There Is Hope for Her Taste Buds

The goddess…she is picky.

A picky eater, that is.

Most nights, she doesn’t eat the same dinner as her mother and I do, because there’s something she doesn’t like about it, usually something to do with the seasoning. It’s too spicy. Or too sour. Or too chewy. Or it has too many green bits (oregano or basil flakes, usually) on it. She usually declares this after sticking the tip of her tongue to a bite of the food and holding it there for all of a quarter of a second. (This post from earlier in the year, recycled from one of my other blogs, will give you a better idea of the battles over food around here.)

So, we are reduced to having to put aside a portion of the meat to be cooked outside of whatever seasonings or sauces we are using…with only oil and salt to ready them for her belly, and figure out some alternate vegetable for her to eat out of the three she will tolerate. Or I have to cook angel hair pasta and serve it to her slathered in soy sauce.

My beautiful pictureWe have despaired over this for years, particularly when we visit someone else’s house for dinner and dread her not eating what’s on her plate or making her dissatisfaction known by too much scrunching of the face. We have spent so many years having to be careful to only go to restaurants with kids’ menus.

We’ve stopped catering to that to some extent in recent months. If we want to go to the Indian restaurant for dinner, and she doesn’t want to eat the chicken tandoori because it’s red and therefore spicy (even though in reality it’s simply roasted chicken and isn’t spicy at all)…well, she can order some nan (Indian fried flat bread) and munch on that.

However, I give credit where it is due, and there are signs that her taste buds are starting to mature. When we went to get our first pier fries (crinkle cut french fries) of the season in Old pier-friesOrchard Beach this year,  and again the second time, she demanded that we slather them not only in salt but also vinegar, which is a substance she didn’t want a drop of on her fries last year. When we go to the Mexican restaurant, she now ignores half of the chicken fingers she orders to raid my carnitas (heavily seasoned and marinated, though not spicy, pork). When we went to a barbecue place tonight, she had ribs and loved them. More importantly, she had a bite of corn bread and liked it, and munched heavily on the homemade potato chips, which were thoroughly seasoned with the same dry rub used on the ribs. A few months ago, she would have declared the chips “spicy” (even though they aren’t) and spit them out with all the drama of an opera diva.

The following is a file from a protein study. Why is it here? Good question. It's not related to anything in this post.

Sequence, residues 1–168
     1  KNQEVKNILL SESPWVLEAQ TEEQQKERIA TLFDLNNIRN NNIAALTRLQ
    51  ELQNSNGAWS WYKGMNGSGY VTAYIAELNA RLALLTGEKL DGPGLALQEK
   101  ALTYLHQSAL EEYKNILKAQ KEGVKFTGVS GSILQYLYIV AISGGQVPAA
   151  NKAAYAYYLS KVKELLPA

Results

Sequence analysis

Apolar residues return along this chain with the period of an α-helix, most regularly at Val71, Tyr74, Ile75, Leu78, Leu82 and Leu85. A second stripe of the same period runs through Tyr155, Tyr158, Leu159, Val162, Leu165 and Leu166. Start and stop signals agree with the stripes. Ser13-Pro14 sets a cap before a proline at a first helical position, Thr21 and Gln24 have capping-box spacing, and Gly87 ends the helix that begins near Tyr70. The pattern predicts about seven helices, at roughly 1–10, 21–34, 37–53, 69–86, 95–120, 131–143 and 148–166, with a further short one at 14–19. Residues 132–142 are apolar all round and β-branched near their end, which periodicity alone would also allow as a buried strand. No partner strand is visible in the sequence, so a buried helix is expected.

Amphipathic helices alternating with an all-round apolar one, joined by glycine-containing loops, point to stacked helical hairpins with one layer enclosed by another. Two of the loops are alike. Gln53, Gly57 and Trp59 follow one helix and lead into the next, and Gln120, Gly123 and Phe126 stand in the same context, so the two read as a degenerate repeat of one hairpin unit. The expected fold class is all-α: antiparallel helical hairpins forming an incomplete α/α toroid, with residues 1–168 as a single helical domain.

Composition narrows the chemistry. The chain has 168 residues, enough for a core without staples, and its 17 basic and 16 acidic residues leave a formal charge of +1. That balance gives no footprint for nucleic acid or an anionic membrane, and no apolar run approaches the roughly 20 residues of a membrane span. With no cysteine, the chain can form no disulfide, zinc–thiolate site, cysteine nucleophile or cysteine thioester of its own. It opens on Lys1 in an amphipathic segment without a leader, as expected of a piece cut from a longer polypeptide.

Progress is being made. One day, perhaps soon, we might be able to enjoy dim sum together. Or lobster with clam chowder. Perhaps some enchiladas.

Not today perhaps, but soon.

Her tongue has started to grow up with the rest of her.

Thank God.
In the interests of full disclosure, that is me at our dinner table in that first photo, but I don’t know if I was actually even upset about anything, much less her eating habits specifically. I don’t know why I’m holding my head. I don’t even remember our 7-year-old taking this shot this winter, though she did. Goddess of photography, she is not, but it’s not terrible. (Also, it is her Disney kids’ camera that took this shot). The second photo was taken by me and my iPhone, and really was our first pier fries of this year. The box overflows when you get them before tourist season begins.

2 thoughts on “There Is Hope for Her Taste Buds

  1. When we were kids, my sister used to drive me CRAZY with this stuff. Though if I’m to be honest, I must admit that it was at least partly my mother’s fault. Dad would bring out something we’d never tried before. Mom would immediately proclaim her dislike for it. And Mel would refuse to try it…then say she had it at Ashley’s. She spent one night at Ashley’s when she was 6, but in that one night, she tried steak, lobster, carrot cake, Buffalo chicken, every Chinese dish known to man, olives, mushrooms, Spanish rice…you get the idea. Lol.

  2. Well, that was quite the feast *chuckle* … my kid still needs to work on her own excuse-justifying skills, too. It’s funny, though, how much she dislikes veggies overall and has been slow to try things. We have a pretty broad palate in this family and we regularly shop at farmer’s markets around here. Several of the farmers know her by name and yet she’d eat processed junk food and bacon all day long. lol

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